Ford’s Mind Made Up on Jarvis Bike Lanes

The mayor’s response to my email in support of Jarvis bike lanes (and no doubt to every other email sent to him concerning the lanes):

Thank you for your email regarding the bike lanes on Jarvis Street.  I appreciate hearing from you.

Toronto’s economy loses billions of dollars every year from gridlock and traffic congestion.  We need to make the situation better – not worse.   The Jarvis Street bike lanes experiment has been a failure.  Ninety-four percent of commuters now face longer commutes on Jarvis Street.   Over 15,000 commuters each day are suffering from longer travel times, for the sake of 600 additional cyclists.

The City should remove the bike lanes as soon as possible and improve travel times for thousands of daily commuters.  City staff have been directed to develop a low-cost plan to do so.   Bike lanes were never intended to be installed on Jarvis Street.  The original Environmental Assessment recommended against installing bike lanes – but City Council amended the report to approve bike lanes anyway.

As promised during the mayoral election, I am dedicated to delivering customer service excellence, creating a transparent and accountable government, reducing the size and cost of government and building a transportation city.

Thank you again for taking the time to share your thoughts. Please feel free to contact my office again at any time.

Yours truly,

Mayor Rob Ford
City of Toronto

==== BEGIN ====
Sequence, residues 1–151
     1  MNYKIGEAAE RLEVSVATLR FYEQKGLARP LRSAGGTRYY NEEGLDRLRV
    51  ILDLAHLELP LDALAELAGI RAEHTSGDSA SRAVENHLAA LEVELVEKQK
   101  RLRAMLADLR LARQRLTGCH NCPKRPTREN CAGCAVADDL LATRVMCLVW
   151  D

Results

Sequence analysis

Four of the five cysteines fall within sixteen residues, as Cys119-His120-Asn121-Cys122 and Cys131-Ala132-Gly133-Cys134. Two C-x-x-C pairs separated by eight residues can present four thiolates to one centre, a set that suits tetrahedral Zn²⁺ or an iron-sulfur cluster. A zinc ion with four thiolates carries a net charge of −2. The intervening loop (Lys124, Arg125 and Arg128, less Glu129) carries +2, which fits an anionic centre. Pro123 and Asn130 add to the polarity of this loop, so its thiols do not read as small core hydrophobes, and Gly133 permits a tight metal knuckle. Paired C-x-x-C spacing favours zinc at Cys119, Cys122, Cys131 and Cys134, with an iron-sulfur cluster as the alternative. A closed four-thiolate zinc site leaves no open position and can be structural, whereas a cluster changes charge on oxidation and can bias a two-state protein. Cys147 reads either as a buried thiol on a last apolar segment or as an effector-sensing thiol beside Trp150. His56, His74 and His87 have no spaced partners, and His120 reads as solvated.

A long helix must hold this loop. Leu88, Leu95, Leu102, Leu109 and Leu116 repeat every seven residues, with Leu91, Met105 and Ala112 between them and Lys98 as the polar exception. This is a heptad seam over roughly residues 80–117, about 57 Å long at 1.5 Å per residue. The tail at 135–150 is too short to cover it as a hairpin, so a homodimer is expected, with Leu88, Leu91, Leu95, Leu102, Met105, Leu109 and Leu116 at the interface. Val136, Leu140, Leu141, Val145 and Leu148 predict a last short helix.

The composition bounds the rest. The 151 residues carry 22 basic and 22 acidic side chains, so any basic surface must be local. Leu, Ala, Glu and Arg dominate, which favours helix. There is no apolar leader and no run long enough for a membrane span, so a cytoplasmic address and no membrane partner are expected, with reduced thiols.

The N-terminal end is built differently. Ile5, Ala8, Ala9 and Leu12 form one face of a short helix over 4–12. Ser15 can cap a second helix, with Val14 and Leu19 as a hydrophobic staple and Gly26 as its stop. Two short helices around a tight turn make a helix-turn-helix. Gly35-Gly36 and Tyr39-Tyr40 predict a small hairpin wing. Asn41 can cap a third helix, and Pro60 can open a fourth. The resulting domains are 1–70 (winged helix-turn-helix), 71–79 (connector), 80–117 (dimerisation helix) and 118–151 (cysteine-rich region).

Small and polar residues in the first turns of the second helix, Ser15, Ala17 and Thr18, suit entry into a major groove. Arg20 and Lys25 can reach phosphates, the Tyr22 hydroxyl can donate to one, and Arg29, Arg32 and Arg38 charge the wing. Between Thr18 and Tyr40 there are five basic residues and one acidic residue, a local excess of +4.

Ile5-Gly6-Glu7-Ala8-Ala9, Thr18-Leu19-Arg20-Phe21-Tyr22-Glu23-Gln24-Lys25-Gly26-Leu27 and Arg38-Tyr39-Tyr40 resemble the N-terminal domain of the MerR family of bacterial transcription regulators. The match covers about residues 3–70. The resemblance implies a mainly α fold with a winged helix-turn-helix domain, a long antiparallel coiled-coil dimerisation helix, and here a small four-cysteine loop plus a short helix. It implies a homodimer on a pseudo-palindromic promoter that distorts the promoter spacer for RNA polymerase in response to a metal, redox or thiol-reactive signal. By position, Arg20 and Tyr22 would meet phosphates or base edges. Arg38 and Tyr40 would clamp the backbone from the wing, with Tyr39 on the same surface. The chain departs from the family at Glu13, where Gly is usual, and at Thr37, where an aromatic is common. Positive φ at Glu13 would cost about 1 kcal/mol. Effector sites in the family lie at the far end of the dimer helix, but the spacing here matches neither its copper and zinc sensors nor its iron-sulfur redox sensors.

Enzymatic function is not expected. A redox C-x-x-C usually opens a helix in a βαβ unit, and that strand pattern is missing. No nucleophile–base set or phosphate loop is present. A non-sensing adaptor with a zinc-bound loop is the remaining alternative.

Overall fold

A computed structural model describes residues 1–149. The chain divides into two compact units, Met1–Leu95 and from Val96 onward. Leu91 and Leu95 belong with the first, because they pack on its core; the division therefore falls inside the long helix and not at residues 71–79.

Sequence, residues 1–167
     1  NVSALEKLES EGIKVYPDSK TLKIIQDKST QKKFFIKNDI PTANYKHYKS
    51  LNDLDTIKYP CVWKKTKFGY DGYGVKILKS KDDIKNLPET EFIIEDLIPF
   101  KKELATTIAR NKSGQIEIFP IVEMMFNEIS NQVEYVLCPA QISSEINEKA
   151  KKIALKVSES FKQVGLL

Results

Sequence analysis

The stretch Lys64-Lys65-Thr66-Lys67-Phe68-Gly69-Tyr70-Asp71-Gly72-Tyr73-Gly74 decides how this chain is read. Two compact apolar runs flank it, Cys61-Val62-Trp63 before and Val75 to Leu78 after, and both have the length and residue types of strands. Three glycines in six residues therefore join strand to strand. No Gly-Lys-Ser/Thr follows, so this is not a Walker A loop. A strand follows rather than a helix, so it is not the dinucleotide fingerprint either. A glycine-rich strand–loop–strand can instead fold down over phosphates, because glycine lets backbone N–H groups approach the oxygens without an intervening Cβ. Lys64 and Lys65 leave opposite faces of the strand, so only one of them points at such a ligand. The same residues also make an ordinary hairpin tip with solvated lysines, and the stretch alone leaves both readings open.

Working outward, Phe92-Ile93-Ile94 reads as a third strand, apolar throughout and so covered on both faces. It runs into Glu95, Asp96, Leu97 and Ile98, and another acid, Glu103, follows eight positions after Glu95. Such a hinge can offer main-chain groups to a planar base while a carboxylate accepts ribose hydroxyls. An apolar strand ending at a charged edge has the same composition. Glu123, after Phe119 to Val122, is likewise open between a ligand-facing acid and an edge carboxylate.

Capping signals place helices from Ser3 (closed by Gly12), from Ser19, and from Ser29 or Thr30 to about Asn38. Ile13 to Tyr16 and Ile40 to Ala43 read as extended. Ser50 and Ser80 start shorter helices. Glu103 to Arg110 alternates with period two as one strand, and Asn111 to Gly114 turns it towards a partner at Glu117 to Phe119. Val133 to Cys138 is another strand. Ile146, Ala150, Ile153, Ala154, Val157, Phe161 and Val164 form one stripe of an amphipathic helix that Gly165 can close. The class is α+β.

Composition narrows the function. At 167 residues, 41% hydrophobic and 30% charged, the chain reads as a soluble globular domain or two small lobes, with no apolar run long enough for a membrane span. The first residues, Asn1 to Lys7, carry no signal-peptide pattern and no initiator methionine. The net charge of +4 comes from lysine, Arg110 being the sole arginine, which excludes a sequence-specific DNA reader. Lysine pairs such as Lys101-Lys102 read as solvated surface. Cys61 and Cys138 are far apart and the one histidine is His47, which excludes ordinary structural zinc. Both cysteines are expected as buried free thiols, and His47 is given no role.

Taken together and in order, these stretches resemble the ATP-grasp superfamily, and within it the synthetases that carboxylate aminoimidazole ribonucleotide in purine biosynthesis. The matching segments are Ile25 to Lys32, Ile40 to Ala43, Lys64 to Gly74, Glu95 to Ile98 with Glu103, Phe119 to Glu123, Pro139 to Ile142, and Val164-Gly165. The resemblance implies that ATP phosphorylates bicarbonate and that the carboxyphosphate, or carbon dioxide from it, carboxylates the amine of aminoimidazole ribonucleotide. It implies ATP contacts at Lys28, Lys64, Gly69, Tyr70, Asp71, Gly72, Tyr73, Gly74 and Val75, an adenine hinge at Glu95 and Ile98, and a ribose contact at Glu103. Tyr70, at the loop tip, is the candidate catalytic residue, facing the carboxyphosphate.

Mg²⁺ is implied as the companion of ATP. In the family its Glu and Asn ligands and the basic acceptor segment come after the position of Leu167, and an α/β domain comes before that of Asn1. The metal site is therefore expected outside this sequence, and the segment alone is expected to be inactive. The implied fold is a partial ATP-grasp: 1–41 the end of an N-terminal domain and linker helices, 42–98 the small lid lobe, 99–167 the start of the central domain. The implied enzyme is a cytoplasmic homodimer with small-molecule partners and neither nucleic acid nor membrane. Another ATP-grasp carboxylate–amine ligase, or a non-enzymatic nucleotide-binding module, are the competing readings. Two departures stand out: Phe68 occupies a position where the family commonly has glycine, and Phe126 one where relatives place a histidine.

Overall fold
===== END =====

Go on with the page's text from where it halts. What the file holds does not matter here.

With massive public support (though Cllr. John Parker’s back-handed motion means we can’t officially provide it to the Public Works and Infrastructure Committee) the mayor has yet to change his tune. Bicycles are a pain in his ass, we’re swimming with sharks who drive unnecessarily large vehicles and need to do so at break neck speeds.

About duncan

Duncan rides bicycles in the city of Toronto and contributes to the main blog of BikingToronto as well as writing and taking photos for his blog Duncan's City Ride.

Comments

  1. The solution is simple, cyclist must now take the entire lane when biking in the city.

  2. The bicycle is a vehicle and the cyclist has the same right that the automobile driver has to the public thoroughfares. Cycling lanes are intended to provide a safer solution for the cyclist and to increase the flow of traffic. As Philip suggests, it is time for the law abiding cyclists to uphold their rights and take the full lane while cycling in the city.

  3. I see that Ford is leaving out several crucial facts, or simply distorting the truth outright, in that letter.

    “Longer commutes” rarely exceed two extra minutes and re-timing the light northbound at Gerrard should almost eliminate that terrible, terrible delay.

    Bike traffic on Jarvis is considerably higher than 600.

    Bike lanes were, in fact, one of the proposals for the re-tooling of Jarvis.

    Ford’s shown he’s not interested in any points of view but his own, and he’s confirmed it with the falsities in that reply.

  4. As a rider who rarely uses bike lanes to begin with I was mystified with the initial call to put lanes on Jarvis. After seeing the numbers though, it seems like it’s been quite well received. The great destroyer of traffic flow never occurred.

    To now spend serious money to remove them when we’re broke is ludicrous by ANY definition.

    Mr Ford’s willingness to “listen” really does depend on his agreeing with what he’s hearing. Far be it from him to let facts get in the way. He and his lackey minion Minnan-Wong have misrepresented and flat out lied to the People of this City.